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[Round 7] Henk: Real Beauty Seen By The Unreal


FltCapt. Sidney Riley
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((Turbolift))

::Henk monitored the facial changes on both children. From his vantage

point perched on Marcus' shoulder it was difficult to get a full reading of

his face but even the side-on profile offered a wealth of information. The

subtle changes as he pronounced the word gramma were of interest. When he

described the rice and the vegetables Henk could detect signs of the

emotional state referred to commonly as nostalgia.::

::The Bajoran girl Dioron seemed confused at the notion of hot noodles.

Henk queried his cultural database and could not see a reason why. He

added it to his list of fringe cases, a set of unexpected emotional

responses to stimuli or vocalizations. It was like a long tail of

diminishing probabilities that never quite reached zero. Tell a Terran male

a story and there was a finite probability that he would punch the teller.

Of course that probability was lower than the probability that he might

smile. Indeed there were some Terran cultures whose members would be more

wont to thank the teller. For these cultures to be told a story was a

gift.::

((OOC: In case anybody's interested, have a look through Jill Jepson's

recent book "Writing as a Sacred Path." for where that little tidbit from

Henk comes from :) ))

((Holodeck))

::When they finally reached the holodeck Marcus requested the program he

affectionately called "Gramma." "Please turn it on."::

::When the computer requested a password Henk detected a slight change in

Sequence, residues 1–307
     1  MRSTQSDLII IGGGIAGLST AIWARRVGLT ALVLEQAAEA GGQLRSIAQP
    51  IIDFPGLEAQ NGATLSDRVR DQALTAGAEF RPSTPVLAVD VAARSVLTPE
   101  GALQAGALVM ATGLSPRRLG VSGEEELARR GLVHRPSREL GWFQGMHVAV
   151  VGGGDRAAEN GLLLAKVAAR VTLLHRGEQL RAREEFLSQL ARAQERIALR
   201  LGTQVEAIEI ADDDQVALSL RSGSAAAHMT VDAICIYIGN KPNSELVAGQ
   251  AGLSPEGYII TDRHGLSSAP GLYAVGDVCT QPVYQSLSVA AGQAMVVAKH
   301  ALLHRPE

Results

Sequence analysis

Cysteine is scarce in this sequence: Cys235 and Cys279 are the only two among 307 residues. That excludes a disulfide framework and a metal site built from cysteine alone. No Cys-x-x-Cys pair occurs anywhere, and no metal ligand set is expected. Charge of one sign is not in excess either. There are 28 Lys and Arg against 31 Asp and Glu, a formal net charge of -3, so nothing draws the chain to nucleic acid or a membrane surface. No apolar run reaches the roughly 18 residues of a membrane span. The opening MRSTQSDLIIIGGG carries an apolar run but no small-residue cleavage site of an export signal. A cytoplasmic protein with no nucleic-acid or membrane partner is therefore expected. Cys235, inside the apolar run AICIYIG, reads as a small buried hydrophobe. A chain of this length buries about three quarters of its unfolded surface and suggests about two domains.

bloodflow beneath his feet, an emotional descent marked by further shifts in

Marcus' facial muscles and underlying frame, and then a rallying climb.::

::None of these things apparently registered with the Bajoran/human hybrid

who said simply,::

Dioron: What does that mean?

::accompanying the question with a more or less textbook suite of facial and

bodily movements.::

Henk: Um... You do know the password right?

::Henk knew already that the boy had the password. His body had yelled that

enough into Henk's sensors over the last few seconds.::

Marcus: No worries, I know the password. Computer.. Password is Poodles.

::Poodles? Henk's emotional simulation engine registered laughter. He kept

it suppressed as he reasoned that perhaps the reference to the miniature

hyperdomesticated Terran canine might somehow be sentimental.::

::The doors opened to reveal a landscape dotted with ornate structures. In

the horizon mountains jutted into the sky. The computer presented a

description of the scenery, Henk once again taking notes as it did so in a

Chinese accent. It was yet another fascinating thing to note the

connections sentient humanoids made between natural settings and poetic

language. The mountains, the computer noted, were dreamlike. Henk knew

that his analytical subroutines would be unable to grasp the connection

between thought processes during sleep and geological formations. He was

glad that Dr. Fengjian had programmed him to out-do the Vulcans in their

obsession with logic by giving him an emotional model as well.

Bridging the gap between reason and passion, his central bus connected the

two systems so they resided together not as single entity but rather as

something akin to a multi-province nation state, each land containing its

own distinct cultural heritage and dialect. His serial processor, usually

outside of his conscious awareness, maintained the physics engine and the

control suite that allowed him to keep his grip on Aaron's shoulder, while

inside the theater of consciousness played out the emotional state matrix,

queries to the serial processor, and linguistic processing directives.

The land was beautiful, winds at approximately seven kilometres per hour.

The five holy mountains ascended the skies, human observers being unable to

produce linguistic expressions of their emotional responses to them. The

Yangtze stretched out across the landscape, Marcus excitedly directing